Date: 17-19 September 2012
Open dumping and landfilling are the two predominant waste disposal methods in Thailand. In 2009, only 23% of Municipal Solid Waste (MSW) was separated for recycling. As far as on land disposal is concerned, it has been estimated that 47% of collected waste is being landfilled and 53% is being openly dumped. These simple MSW management methods are causing negative socio-economic impacts, environmental pollution, and contributing to climate change; their many drawbacks are becoming increasingly recognised. Moving toward biological treatment methods is by many regarded by many as an appropriate strategy for reducing the Greenhouse gas (GHG) emissions from the waste sector. Therefore, in this study, the GHG mitigation potential of Mechanical Biological Treatment (MBT) is assessed in comparison with the two most common disposal practices from a life cycle perspective.
In Phitsanulok Municipality, 78 tonnes/day of MSW is treated by MBT instead of landfilling or open dumping. The MBT process consists of several steps such as unloading, homogenisation, piling, aeration, sieving and separation of compost-like materials and high-energy fractions prior to final disposal. In order to calculate life cycle GHG emissions, data was collected and analysed considering all the phases of the life cycle of the existing MSW management system, including energy and raw materials production, MSW collection and transportation, MBT process and final disposal. Intergovernmental Panel on Climate Change (IPCC) 2006 guidelines were followed to estimate GHG emissions from both MBT and base scenarios (open dumping and sanitary landfilling without gas recovery).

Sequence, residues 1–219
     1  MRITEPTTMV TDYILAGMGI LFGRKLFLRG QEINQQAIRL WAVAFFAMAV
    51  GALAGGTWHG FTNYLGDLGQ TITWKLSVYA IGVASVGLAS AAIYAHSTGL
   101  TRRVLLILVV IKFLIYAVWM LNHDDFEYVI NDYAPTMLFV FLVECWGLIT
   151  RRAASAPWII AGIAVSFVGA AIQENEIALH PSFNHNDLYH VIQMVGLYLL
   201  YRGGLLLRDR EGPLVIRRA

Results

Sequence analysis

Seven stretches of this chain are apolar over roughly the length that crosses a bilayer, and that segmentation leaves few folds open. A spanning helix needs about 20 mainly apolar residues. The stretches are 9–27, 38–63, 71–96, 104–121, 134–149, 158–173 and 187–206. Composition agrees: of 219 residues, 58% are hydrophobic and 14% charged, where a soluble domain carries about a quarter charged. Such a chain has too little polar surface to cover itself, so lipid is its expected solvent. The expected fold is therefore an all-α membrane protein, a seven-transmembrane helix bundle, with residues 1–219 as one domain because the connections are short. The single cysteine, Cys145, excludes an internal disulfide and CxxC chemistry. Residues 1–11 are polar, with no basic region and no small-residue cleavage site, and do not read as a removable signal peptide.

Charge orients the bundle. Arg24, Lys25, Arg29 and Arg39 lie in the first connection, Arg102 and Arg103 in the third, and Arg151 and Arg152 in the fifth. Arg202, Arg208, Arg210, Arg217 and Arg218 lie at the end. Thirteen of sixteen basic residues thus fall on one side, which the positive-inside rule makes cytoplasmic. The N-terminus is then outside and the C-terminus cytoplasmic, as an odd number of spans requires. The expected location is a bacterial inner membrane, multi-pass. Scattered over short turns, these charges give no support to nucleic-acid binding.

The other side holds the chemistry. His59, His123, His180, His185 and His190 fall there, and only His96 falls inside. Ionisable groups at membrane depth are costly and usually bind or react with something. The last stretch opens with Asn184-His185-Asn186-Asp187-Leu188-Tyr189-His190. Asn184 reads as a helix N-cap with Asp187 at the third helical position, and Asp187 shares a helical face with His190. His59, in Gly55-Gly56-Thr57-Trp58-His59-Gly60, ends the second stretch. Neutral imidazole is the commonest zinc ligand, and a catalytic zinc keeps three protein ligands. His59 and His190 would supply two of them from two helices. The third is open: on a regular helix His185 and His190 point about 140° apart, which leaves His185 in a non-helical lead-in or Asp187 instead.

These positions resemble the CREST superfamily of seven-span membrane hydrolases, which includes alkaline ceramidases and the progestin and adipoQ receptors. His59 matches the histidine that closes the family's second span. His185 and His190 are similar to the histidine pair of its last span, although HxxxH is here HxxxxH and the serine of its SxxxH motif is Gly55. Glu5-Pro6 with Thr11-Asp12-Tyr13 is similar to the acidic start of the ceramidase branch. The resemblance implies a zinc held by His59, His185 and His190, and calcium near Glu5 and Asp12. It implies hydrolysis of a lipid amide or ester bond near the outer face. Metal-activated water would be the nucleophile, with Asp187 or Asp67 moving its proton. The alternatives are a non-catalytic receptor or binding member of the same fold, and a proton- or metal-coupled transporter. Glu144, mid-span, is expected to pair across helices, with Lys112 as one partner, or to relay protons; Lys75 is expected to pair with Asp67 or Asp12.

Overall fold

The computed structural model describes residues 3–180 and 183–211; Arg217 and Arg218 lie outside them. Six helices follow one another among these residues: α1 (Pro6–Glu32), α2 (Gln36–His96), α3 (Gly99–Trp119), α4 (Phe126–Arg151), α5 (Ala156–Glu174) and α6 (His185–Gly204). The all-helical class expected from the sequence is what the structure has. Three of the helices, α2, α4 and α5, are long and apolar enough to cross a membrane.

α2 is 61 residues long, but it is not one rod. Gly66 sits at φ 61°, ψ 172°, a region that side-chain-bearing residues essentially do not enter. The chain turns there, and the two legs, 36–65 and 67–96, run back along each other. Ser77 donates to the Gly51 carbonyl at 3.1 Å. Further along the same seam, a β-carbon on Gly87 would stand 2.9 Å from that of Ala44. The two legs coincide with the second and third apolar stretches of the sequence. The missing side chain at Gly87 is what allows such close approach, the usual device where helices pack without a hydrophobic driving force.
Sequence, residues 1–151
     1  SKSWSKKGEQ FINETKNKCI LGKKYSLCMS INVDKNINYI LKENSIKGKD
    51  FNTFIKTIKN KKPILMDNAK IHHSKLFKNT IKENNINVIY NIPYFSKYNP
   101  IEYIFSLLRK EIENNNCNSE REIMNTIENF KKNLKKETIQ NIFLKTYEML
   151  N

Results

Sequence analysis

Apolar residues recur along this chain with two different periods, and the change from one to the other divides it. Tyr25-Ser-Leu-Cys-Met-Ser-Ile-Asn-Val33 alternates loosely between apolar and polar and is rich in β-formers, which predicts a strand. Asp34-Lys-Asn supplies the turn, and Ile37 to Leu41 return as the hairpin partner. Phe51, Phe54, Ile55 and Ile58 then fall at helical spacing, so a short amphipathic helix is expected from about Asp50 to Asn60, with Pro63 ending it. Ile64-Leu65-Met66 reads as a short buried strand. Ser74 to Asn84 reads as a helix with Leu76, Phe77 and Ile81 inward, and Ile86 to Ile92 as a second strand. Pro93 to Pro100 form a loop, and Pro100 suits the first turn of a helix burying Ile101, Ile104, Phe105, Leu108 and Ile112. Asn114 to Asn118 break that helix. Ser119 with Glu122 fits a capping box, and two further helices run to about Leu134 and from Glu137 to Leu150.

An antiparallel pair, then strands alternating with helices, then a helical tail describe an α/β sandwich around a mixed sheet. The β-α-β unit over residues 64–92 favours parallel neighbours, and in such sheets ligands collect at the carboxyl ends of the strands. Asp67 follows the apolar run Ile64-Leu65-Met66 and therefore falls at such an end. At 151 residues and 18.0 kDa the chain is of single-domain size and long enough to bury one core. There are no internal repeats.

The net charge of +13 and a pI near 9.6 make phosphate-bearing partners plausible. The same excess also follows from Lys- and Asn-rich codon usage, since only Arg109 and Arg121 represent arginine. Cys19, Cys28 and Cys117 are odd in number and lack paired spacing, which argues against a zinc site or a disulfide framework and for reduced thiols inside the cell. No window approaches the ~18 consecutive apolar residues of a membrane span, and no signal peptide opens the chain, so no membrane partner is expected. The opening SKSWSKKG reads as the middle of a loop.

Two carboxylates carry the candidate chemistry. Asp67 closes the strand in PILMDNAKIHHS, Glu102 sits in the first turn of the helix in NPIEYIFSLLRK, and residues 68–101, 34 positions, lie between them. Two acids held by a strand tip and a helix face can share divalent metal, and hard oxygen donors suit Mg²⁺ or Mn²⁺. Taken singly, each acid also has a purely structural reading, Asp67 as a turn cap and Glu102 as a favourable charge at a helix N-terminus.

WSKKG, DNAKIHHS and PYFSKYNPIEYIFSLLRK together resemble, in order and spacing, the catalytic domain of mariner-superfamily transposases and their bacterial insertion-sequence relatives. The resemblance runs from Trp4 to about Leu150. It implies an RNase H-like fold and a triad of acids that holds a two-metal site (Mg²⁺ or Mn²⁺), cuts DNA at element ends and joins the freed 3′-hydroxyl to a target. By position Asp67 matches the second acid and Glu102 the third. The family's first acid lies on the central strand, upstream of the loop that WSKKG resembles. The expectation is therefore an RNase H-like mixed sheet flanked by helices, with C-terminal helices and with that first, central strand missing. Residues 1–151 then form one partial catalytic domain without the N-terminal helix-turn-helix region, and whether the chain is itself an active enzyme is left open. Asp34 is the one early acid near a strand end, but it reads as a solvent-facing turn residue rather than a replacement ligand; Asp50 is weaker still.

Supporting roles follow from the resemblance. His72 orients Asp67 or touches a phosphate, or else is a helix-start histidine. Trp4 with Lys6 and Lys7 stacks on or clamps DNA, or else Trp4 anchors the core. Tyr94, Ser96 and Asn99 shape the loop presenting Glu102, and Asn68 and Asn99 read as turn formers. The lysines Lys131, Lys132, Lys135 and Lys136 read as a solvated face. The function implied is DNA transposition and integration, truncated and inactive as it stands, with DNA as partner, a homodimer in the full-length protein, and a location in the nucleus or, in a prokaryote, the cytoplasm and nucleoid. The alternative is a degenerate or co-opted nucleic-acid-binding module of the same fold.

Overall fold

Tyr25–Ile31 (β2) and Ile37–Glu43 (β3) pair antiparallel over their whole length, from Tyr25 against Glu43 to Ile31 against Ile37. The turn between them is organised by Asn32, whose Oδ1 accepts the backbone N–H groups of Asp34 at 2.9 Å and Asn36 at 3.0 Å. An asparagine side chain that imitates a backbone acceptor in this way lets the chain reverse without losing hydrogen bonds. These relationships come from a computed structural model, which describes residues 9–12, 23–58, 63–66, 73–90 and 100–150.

According to our calculations, GHG emissions from the MBT amounted to 161 kg CO2-eq/tonne of waste received at the facility. In contrast, GHG emissions from open dumping and sanitary landfilling (without gas recovery) would be 448kg CO2-eq/tonne and 925 kg of CO2-eq/tonne respectively. The results indicate that by adopting MBT, Phitsanulok Municipality can significantly cut down GHG emissions, by 287 kg of CO2-eq and 764 kg CO2-eq per tonne of waste as compared to open dumping and sanitary landfilling respectively. On an annual basis the GHG emissions reduction potential from the system in Phitsanulok amounts to 21,758 tCO2-eq as compared to sanitary landfilling. We conclude that the current waste management model in Phitsanulok has very significant climate benefits and that a widespread adoption of similar systems could contribute substantially to the national GHG mitigation program and improve the overall sustainability of the waste management sector.
Date: 17-19 September 2012